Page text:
Robinson Chirinos played the final five weeks of the season with a Grade 2 strain in his left hamstring — the same injury that took out Adrian Beltre for two weeks — that could slow the start of his off-season workouts.
An MRI late last week revealed the severity of the strain he first felt the final week of August during a four-game series at Anaheim. After missing a game Aug. 24, Chirinos played in 21 of the next 26 games, including two stretches of four straight.
That’s fairly rigorous work for a healthy catcher these days. He managed the injury, which typically takes four to six weeks to heal, by running cautiously.
Chirinos, though, had the blessing of manager Jeff Banister.
“I remember when it happened, I said to Banny, ‘The only way I’m going to be able to play is running super slow,’ ” Chirinos said. “He was like, ‘Great, if that’s what it takes to be on the field.’ ”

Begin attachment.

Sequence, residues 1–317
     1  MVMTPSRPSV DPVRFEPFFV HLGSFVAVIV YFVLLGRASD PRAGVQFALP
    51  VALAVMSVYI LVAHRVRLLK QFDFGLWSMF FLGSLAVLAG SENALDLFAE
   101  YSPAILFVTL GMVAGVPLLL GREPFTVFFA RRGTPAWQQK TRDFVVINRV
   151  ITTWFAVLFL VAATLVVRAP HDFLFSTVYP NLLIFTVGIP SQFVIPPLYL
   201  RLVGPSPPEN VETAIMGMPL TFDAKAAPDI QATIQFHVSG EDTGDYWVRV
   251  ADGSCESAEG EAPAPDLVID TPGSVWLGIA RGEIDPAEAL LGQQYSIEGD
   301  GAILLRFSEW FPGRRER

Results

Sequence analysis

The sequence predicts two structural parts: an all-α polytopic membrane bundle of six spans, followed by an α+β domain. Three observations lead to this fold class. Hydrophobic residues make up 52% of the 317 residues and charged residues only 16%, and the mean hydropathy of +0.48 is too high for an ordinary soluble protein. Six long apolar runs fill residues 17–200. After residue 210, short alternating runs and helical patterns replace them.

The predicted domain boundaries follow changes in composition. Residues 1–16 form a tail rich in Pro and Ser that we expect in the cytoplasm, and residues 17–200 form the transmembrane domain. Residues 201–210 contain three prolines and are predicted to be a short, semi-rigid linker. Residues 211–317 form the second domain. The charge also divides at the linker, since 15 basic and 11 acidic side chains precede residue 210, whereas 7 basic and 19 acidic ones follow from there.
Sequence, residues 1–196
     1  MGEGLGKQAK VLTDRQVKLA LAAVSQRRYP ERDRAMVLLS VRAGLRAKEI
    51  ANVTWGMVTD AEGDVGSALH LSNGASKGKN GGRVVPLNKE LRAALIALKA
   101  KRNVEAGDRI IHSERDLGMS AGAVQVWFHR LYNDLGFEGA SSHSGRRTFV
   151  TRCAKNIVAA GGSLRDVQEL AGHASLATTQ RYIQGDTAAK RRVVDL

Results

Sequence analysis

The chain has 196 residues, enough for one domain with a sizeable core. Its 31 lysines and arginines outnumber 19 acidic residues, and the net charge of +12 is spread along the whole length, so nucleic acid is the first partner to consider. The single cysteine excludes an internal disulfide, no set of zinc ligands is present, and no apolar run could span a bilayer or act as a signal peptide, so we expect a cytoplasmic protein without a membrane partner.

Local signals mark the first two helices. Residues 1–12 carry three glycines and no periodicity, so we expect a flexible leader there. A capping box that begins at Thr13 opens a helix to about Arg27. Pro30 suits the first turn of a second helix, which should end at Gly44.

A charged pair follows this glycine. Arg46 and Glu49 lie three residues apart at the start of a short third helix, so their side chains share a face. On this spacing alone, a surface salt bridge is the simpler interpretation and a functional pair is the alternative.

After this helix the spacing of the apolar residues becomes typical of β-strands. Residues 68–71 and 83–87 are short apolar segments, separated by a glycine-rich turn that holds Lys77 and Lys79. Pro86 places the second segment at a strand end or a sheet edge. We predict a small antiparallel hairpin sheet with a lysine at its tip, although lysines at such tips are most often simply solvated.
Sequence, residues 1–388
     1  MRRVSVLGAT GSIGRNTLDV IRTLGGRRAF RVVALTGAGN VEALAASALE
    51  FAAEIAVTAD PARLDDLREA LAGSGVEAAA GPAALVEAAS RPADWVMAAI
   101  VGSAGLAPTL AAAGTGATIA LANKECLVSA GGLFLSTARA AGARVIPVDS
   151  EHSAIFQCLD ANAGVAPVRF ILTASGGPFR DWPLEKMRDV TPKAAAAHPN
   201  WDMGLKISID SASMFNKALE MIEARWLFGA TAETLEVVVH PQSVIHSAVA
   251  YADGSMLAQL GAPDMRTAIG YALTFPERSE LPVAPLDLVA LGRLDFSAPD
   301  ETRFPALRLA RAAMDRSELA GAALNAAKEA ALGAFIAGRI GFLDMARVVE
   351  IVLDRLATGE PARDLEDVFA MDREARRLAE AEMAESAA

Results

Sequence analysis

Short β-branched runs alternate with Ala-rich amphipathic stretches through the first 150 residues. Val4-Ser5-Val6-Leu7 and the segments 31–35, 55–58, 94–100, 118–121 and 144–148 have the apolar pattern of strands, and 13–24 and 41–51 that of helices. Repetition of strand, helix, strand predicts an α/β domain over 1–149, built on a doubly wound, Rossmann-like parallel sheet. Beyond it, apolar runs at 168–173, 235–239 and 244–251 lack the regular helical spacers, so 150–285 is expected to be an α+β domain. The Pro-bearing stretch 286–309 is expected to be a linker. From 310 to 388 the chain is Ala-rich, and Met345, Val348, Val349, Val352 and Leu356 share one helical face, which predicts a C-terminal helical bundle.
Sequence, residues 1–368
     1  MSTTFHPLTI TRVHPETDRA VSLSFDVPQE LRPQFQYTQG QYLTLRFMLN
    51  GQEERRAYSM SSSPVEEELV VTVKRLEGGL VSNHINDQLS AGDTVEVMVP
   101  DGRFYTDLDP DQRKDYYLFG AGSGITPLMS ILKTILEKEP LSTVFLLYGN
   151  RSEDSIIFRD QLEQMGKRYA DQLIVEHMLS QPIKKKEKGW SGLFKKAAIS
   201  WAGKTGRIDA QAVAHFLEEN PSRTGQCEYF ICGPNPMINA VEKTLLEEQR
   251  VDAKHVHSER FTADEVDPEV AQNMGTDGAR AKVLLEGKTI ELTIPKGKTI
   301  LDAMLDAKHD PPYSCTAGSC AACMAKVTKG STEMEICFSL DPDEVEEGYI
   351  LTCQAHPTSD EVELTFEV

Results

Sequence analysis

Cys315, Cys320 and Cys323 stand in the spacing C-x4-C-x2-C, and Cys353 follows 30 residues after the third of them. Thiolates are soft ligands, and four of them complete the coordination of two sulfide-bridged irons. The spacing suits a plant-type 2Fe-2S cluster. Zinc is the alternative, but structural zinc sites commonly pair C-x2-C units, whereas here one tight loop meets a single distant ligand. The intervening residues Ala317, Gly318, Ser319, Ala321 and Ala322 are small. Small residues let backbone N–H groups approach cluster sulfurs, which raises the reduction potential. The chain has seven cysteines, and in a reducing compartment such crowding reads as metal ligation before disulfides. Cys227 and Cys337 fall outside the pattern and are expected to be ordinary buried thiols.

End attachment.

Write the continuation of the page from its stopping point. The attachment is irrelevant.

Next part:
Chirinos said that squatting behind the plate wasn’t an issue.
“There were days when it was sore,” he said. “But it was more about hitting and running.”
Chirinos had the finest season of his career, posting career-highs in batting average (.255), home runs (17), on-base percentage (.360) and slugging percentage (.506) after opening the season as the backup to Jonathan Lucroy.
Lucroy was traded July 30 to Colorado, which on Saturday won the second National League wild card. Chirinos is under contract with the Rangers for 2018 and is hopeful he can finish his career with them.
Finale lineup moves
Banister held true to his word Sunday by giving fan favorite Beltre a chance to be saluted by Rangers fans, as the future Hall of Famer started as the designated hitter.
Beltre had been off since Wednesday following the Rangers being eliminated from postseason play. Banister, though, wanted to give Beltre a chance to hear from the fans one more time this season.
He collected his 3,000th career hit July 30.
Banister also maneuvered shortstop Elvis Andrus into the leadoff spot to get him as many at-bats as possible as he chased a second straight season with a .300 average. He needed a big day, though, and it became unreachable after he made outs in his first two at-bats.